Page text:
The new Congress is focusing on a different course in Iraq--though it is still up to the intransigent President to assume one--and on economic issues that were ignored under one-party rule. Plus, the 2006 election was also a victory against apathy, with the number of voters up in the usually less participatory midterm elections. Especially encouraging: 24 percent of Americans 18-30 voted, the largest percentage in 20 years.

3. Harvard, then Princeton and UVA, End Early Decision: In September, Harvard and then Princeton and the University of Virginia moved to end the early admission option, deciding that it favored savvier applicants from more advantaged backgrounds. Although other top schools do not yet see the need to eliminate early decision, Harvard at least brought to attention the need for universities to be attentive to the disparate sophistication of prospective students with the college application process. Although some schools, like my Alma mater Northwestern, have made some reasonable points on why early decision still suits them, it is good for universities to publicly discuss institutional inequities. Hopefully, Harvard and its peers will figure out how better to assist both low income and middle class students with the costs of their education.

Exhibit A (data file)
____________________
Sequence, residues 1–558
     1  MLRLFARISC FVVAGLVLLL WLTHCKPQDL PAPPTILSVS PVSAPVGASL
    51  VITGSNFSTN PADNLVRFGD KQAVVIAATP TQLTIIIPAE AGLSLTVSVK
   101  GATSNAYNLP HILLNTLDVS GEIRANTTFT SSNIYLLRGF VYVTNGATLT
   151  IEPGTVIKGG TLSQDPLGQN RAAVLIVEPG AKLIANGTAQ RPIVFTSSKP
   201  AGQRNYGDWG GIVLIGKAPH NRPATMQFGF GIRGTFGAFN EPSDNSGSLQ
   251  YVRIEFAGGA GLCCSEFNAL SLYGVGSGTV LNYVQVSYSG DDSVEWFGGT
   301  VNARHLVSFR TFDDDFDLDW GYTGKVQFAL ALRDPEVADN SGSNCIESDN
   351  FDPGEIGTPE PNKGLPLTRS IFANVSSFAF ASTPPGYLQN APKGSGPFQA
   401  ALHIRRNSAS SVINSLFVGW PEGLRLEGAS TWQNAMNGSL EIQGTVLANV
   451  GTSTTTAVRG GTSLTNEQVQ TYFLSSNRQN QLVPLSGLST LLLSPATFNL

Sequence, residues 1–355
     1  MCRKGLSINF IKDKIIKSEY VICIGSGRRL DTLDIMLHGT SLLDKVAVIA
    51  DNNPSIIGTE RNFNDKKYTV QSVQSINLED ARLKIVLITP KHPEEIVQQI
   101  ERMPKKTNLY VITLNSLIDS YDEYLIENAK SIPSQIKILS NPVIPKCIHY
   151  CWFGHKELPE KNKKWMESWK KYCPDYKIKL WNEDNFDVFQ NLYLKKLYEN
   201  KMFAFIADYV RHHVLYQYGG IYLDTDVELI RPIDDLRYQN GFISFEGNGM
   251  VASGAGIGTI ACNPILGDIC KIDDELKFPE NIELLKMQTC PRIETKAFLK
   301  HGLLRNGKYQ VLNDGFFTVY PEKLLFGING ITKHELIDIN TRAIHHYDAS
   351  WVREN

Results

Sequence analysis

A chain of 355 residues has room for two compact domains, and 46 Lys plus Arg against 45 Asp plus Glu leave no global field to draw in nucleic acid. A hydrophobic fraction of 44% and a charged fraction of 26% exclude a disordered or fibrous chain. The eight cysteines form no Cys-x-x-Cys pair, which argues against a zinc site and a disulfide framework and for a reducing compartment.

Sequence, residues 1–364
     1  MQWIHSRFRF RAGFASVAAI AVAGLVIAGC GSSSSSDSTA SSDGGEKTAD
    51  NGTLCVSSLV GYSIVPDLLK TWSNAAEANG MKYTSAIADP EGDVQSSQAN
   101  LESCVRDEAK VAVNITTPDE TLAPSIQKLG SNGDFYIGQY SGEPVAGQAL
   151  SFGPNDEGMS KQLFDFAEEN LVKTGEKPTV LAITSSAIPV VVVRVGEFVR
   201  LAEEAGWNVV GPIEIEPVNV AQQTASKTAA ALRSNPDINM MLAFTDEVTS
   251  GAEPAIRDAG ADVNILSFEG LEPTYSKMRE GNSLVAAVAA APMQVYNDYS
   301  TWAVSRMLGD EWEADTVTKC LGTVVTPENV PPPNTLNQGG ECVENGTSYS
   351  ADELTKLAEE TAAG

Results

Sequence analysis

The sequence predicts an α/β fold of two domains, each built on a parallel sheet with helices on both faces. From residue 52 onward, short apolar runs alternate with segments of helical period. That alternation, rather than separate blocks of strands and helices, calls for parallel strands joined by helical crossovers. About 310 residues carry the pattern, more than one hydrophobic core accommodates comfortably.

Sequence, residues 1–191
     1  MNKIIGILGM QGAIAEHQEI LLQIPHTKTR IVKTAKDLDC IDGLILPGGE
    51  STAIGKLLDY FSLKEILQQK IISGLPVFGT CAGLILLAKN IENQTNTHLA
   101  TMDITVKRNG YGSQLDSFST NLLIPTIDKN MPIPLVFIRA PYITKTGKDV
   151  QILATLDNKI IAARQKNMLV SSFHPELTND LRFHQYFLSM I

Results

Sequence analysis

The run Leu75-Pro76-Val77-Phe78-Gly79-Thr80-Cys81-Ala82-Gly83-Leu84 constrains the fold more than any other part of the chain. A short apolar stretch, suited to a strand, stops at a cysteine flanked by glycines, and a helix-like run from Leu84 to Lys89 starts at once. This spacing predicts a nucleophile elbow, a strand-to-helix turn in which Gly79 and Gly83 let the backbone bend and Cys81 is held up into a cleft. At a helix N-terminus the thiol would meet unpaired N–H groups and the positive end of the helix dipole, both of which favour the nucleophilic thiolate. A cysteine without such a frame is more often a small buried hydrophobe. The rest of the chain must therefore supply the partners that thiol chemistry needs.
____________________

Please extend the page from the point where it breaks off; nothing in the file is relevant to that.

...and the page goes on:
4. TV Programming Continues to Improve: Although there is still drek on television--there always will be--some TV programming continues to delight. While I think some of the critics favorite shows, particularly "Weeds" and "Scrubs" are overrated, "The Office," "The Colbert Report," "The Daily Show," and HBO programming continue to shine. "The Office" was rightfully awarded an Emmy for its fantastic ability to find humor in the mundane and for the genuine performances put forth by its cast. After a reportedly bumpy first year, "The Office" figured out how to adeptly adapt the British version to reflect the nature of the American workplace in year two. (Now, there is a French and German version of "The Office," showing that the workplace is a universal source of humor, though not necessarily the same humor). Office romances, career dissatisfaction, narrow-mindedness, and the American work ethic are depicted realistically and hilariously. To think, 10 years ago, the only good things going on network TV were "Frasier," "Friends" (meh) and "Seinfeld," and the sitcom (shudder) reigned supreme. Hopefully, the cool event of 2007 will be that cable companies lose their regional monopolies and prices decrease (I wish).